The two documents will get names like “AnthonyStevesn_MyNewStory_draft.doc” and “AnthonyStevens_MyNewStory_notes.doc”. Most of the publishers I deal with want the author’s name in the file as part of the submission process.
I start with the notes file and write a synopsis of the story I want to tell. It will have the major plot as well as sub-plots. Don’t worry. This is a dynamic document and will probably change as the full story is written.
Under the synopsis, I create a list of characters. Each name is followed by a physical description and general personality comments. Minor characters will get something like “Angel – buxom blonde with an attitude.” While major characters may have a dozen lines going into great detail.
Now, we all know that once an author sits down to actually write the story, the characters will take over and re-direct the tale in places we hadn’t planned. That is fine. When you finish writing a new chapter or section that surprises you, enjoy it and then make a one or two line addition to the synopsis in your note file.
The author will also find that as the tale progresses, they’ll need to add a character or two. Once more, go ahead and drop them in the tale, but be sure to add them to the character list in the note file as well.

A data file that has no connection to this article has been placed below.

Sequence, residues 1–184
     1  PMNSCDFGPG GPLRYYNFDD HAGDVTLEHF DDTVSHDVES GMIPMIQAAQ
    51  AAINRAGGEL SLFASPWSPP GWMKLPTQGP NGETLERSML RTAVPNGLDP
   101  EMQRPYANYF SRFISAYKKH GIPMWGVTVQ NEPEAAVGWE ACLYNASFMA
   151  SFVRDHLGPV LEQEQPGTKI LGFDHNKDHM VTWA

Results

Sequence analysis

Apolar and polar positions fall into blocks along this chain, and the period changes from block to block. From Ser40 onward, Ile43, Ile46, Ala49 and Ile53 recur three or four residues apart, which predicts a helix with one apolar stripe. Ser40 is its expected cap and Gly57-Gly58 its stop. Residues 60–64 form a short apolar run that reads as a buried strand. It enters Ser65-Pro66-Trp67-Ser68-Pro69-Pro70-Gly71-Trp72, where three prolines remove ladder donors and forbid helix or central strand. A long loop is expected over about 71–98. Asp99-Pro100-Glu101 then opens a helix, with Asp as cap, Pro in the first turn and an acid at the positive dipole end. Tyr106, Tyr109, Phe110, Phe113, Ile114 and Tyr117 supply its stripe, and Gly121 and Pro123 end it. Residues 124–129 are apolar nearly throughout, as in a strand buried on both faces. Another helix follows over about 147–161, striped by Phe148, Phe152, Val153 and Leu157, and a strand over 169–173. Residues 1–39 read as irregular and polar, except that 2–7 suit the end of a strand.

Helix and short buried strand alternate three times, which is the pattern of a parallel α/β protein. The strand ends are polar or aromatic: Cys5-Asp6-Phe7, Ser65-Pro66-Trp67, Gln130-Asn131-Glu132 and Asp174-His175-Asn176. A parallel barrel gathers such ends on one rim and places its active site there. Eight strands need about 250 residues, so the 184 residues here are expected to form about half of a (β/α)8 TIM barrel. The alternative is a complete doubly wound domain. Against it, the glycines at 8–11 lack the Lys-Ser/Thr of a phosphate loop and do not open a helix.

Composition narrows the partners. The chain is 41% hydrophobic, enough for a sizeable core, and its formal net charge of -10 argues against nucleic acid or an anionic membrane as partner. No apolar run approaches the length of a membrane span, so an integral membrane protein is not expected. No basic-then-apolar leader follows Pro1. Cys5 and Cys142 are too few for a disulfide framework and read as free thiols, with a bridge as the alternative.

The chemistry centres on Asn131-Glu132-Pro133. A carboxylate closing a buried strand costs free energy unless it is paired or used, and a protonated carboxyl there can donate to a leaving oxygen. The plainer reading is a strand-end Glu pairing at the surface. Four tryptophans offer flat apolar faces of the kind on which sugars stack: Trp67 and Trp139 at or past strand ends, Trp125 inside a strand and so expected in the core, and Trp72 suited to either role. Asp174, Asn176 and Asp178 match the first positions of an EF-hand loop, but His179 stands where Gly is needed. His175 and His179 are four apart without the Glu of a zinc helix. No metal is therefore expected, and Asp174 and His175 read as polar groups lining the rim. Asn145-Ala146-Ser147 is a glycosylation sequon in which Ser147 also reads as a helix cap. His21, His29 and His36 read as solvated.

Another thing to consider is that the character list need not be restricted to people. Objects can have major roles in your story. A sailing ship, an airship, a special building or a particular tree may play a pivotal role in the tale. If you have pictures of similar items or people that you find inspirational in the tale, then add them to the note file. Keep in mind that the note file will not be for publication. It is only for you and maybe your editor.
When the time comes to send the first draft to my editor, I usually send both files. The understanding is that the notes file may help answer some of their questions and they can point out where I need to fill plot gaps or correct logic errors in the plotline.